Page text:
• Hot, Thirsty, Sweaty & Wet: HK’s Future Down The Drain? – China Water Risk’s Woody Chan & Debra Tan look beyond current tensions and see very real threats to Hong Kong’s future from climate change. Get ready for a hot, thirsty, sweaty & wet future
  • Confronting Storms & Climate Risk In HK – Typhoons Hato and Mangkhut have wreaked havoc in the Greater Bay Area but Dr. Faith Chan from the University of Nottingham Ningbo believes these climate risks can be confronted, with Hong Kong leading the way
  • Building Flood Resilience For Hong Kong – HK is the rainiest city in the Pacific Rim and with the threat of climate change, it’s heading for a wetter future. The Drainage Services Department’s senior engineer Patrick Chan shares the city’s strategies to improve flood resilience
Debra Tan
Author: Debra Tan
Debra heads the CWR team and has steered the CWR brand from idea to a leader in the water risk conversation globally. Reports she has written for and with financial institutions analyzing the impact of water risks on the Power, Mining, Agricultural and Textiles industries have been considered groundbreaking and instrumental in understanding not just China’s but future global water challenges. One of these led the fashion industry to nominate CWR as a finalist for the Global Leadership Awards in Sustainable Apparel; another is helping to build consensus toward water risk valuation. Debra is a prolific speaker on water risk delivering keynotes, participating in panel discussions at water prize seminars, numerous investor & industry conferences as well as G2G and academic forums. Before venturing into “water”, she worked in finance, spending over a decade as a chartered accountant and investment banker specializing in M&A and strategic advisory. Debra left banking to pursue her interest in photography and also ran and organized philanthropic and luxury holidays for a small but global private members travel network She has lived and worked in Beijing, HK, KL, London, New York and Singapore and spends her spare time exploring glaciers in Asia.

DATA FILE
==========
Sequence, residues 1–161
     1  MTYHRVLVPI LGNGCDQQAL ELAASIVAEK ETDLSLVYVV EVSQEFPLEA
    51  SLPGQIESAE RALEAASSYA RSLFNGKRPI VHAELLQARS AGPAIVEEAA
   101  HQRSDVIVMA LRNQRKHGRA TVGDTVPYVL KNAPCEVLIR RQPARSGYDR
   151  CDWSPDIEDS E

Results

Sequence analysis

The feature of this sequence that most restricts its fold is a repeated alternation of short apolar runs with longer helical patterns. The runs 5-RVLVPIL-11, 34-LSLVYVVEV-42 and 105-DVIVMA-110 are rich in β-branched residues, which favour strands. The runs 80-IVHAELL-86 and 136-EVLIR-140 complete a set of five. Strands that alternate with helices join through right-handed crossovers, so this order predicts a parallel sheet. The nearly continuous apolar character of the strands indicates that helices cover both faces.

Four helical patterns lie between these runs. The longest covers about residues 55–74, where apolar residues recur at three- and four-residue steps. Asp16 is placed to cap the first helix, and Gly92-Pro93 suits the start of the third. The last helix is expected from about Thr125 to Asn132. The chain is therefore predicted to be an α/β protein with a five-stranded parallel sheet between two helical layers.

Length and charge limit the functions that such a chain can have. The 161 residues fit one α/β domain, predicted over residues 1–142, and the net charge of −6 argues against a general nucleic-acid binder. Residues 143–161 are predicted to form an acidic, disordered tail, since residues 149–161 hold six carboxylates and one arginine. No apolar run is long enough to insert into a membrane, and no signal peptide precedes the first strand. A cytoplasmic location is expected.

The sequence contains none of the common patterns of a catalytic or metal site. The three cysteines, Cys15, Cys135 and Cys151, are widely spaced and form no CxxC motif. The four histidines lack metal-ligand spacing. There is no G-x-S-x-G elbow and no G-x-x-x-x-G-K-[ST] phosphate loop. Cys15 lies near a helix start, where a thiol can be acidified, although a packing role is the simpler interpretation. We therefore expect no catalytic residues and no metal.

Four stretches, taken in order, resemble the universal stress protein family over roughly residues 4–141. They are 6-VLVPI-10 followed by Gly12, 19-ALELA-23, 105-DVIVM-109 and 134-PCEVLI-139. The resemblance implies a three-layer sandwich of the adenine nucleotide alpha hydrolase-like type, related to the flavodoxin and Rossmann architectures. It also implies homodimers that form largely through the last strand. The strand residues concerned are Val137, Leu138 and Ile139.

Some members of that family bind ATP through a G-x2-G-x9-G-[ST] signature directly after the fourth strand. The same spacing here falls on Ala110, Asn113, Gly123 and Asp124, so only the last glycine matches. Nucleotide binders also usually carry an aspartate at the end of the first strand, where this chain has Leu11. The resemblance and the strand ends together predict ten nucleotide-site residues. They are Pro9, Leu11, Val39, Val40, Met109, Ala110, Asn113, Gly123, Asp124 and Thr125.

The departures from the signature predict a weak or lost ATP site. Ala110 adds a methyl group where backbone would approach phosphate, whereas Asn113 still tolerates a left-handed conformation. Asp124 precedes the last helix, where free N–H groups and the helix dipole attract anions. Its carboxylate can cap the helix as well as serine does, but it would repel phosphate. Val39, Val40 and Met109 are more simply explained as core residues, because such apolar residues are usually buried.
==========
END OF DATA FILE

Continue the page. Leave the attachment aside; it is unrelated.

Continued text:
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Chien Tat Low
Author: Chien Tat Low
Low has extensive inter-disciplinary research experience, which although wide-ranging, focuses on identifying hotspots to facilitate better planning. At CWR, Low uses spatial modelling and statistical analysis as well as remote sensing, cartography, and geo-statistics to map and assess water risks. In addition, he helps manage CWR’s extensive network of contributors and partners. CWR is Low’s first foray outside academia and he hopes to apply his 12 years of scientific know-how toward enhancing the understanding of water risk in Asia, including spatial temporal variabilities of anthropogenic and natural factors on water resources. Previously, Low was a postdoctoral fellow at the University of Hong Kong where he devised methodologies to measure and benchmark the quality of urban life in an Asian context. As a certified GIS Professional, he also taught GIS and spatial analysis modules there. Low’s research on urban, human and environmental health is published in 11 prominent international peer-reviewed journals; he has also written a chapter in a book on managing environmental hazards. His PhD thesis on place effect on human well-being was prize-winning. Low is currently the reviewer editor for the journal “Frontiers in Environmental Informatics” and also reviews other international journals such as “Applied Geography”.
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Dharisha Mirando
Author: Dharisha Mirando
Dharisha Mirando hails from the finance industry and joined CWR as she believes that climate and water factors are downplayed by the sector despite being significant investment risks. To tackle this, her ambition is to help build consensus, bridge the gap between finance and science, and engage with investors to incorporate these risks into their due diligence and portfolio management. This could in turn lead to innovative Green Finance instruments becoming more prevalent. She has already made strong headway as the lead author of a recently published report with Manulife Asset Management and the Asia Investor Group on Climate change, which highlights the imminent threats to Asian asset owners' portfolios from climate and water risks. Dharisha has also undertaken a number of speaking engagements on these pressing issues at investor and insurance conferences. Prior to joining CWR, Dharisha worked for a long-only public equities fund. She has also worked in the impact investment space in London and Singapore where she provided technical assistance to social enterprises, helped them raise equity investments, and managed a debt portfolio.
Read more from Dharisha Mirando →